Boston Clock Company, the "DELPHUS." An American made Crystal regulator. Outstanding quality.

The “Delphus” is arguably one of the Boston Clock Company’s prettiest modela. The brass framed case measures approximately 10.5 inches tall, 7.5 inches wide across the base and 5.75 inches deep. The brass has been polished and protected with a lacquer finish. The four rectangular openings are fitted with beveled glass. The front and back panels also serve as doors. The dial is porcelain. The hour positions are indicated with Arabic numerals. A floral ring is painted just inside the numerals.

The movement is of the finest quality. It is fitted with 11 jewels. The pinions are cut with precision from solid steel and are highly polished. The plates a nickeled and treated with a damascene finish. The Maker’s name is die-stamped into the back plate. The case number is “252.” This is a tandem wind movement. This means that in order to wind this clock, one inserts the key onto the single winding arbor in the front of the dial just above the hour numeral “6.” When you turn the key to the right, you are winding the time train. Turn the same key to the left and you are now winding the strike train. This clock strikes the hour and half hour on a wire gong. Please note that this clock does not have a pendulum. This movement is fitted with a balance wheel that is compensating. As a result, it is equal in quality to many high grade watch movements of the same period. This movement will start quickly when wound and can be handled or moved without stopping the clock. The ticking should not disturb the most sensitive of sleepers. Time regulation is from the front of the dial. Above the hour numeral twelve, there is an adjustment. Push the level to the right and the clock will speed up. Push the level to the left and the clock should slow down.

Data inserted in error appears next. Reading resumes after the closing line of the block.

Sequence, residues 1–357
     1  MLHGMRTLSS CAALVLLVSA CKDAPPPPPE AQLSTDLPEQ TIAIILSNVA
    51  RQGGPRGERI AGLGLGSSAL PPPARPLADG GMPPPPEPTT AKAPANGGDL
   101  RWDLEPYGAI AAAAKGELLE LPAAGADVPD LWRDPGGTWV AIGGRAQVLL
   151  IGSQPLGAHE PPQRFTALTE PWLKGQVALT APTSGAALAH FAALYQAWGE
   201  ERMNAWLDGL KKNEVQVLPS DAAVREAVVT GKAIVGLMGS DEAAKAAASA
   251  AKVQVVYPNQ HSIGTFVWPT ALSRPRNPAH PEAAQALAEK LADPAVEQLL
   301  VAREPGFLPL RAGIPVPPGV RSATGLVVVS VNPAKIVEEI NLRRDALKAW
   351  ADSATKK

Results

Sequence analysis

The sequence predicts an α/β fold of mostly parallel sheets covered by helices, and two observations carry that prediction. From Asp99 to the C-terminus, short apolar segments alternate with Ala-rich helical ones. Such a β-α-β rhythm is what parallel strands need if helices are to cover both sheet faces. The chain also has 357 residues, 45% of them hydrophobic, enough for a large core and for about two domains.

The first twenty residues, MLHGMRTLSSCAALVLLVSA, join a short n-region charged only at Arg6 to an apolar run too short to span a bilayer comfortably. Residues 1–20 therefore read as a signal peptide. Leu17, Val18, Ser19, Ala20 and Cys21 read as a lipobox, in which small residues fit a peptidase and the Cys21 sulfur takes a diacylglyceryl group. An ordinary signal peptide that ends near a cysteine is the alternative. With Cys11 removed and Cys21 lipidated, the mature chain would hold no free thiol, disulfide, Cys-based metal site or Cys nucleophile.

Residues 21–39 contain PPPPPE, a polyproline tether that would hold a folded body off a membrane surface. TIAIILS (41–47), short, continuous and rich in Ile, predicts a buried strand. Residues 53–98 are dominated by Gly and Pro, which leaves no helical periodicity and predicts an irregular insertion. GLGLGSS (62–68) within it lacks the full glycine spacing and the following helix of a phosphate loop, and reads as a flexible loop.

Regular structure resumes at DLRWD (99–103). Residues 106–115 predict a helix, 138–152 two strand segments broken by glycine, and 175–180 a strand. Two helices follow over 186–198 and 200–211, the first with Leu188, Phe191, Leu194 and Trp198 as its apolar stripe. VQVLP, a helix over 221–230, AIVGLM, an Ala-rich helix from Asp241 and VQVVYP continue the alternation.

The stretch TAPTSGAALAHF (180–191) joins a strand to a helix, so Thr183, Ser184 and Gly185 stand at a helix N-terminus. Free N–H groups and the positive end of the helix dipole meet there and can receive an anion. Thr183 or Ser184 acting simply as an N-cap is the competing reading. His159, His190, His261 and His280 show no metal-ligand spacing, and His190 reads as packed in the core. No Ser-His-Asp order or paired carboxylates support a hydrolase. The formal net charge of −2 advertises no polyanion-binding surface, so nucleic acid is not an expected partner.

This very attractive clock was made 1885.

About Boston Clock Company of Boston, Massachusetts.

The Boston Clock Company was organized by Joseph H. Eastman & James Gerry on May 29,1884. It was actually located in Chelsea. This Company was formed as the successor to the Harvard Clock Company. Joseph H. Eastman became the manager of the this new firm. In January of 1894 the Boston Clock Company was sold to the Ansonia Clock Company of Brooklyn, New York. All tools machinery and patents were included in the sale. In March of the same year, Joseph Eastman and others tried to revive it as the Eastman Clock Company the following year. This new firm lasted only one year. The Boston Clock Company manufactured clocks predominately in the style of the crystal regulator, carriage clocks and other mantel clocks in marble case. A few wall clock were produced.

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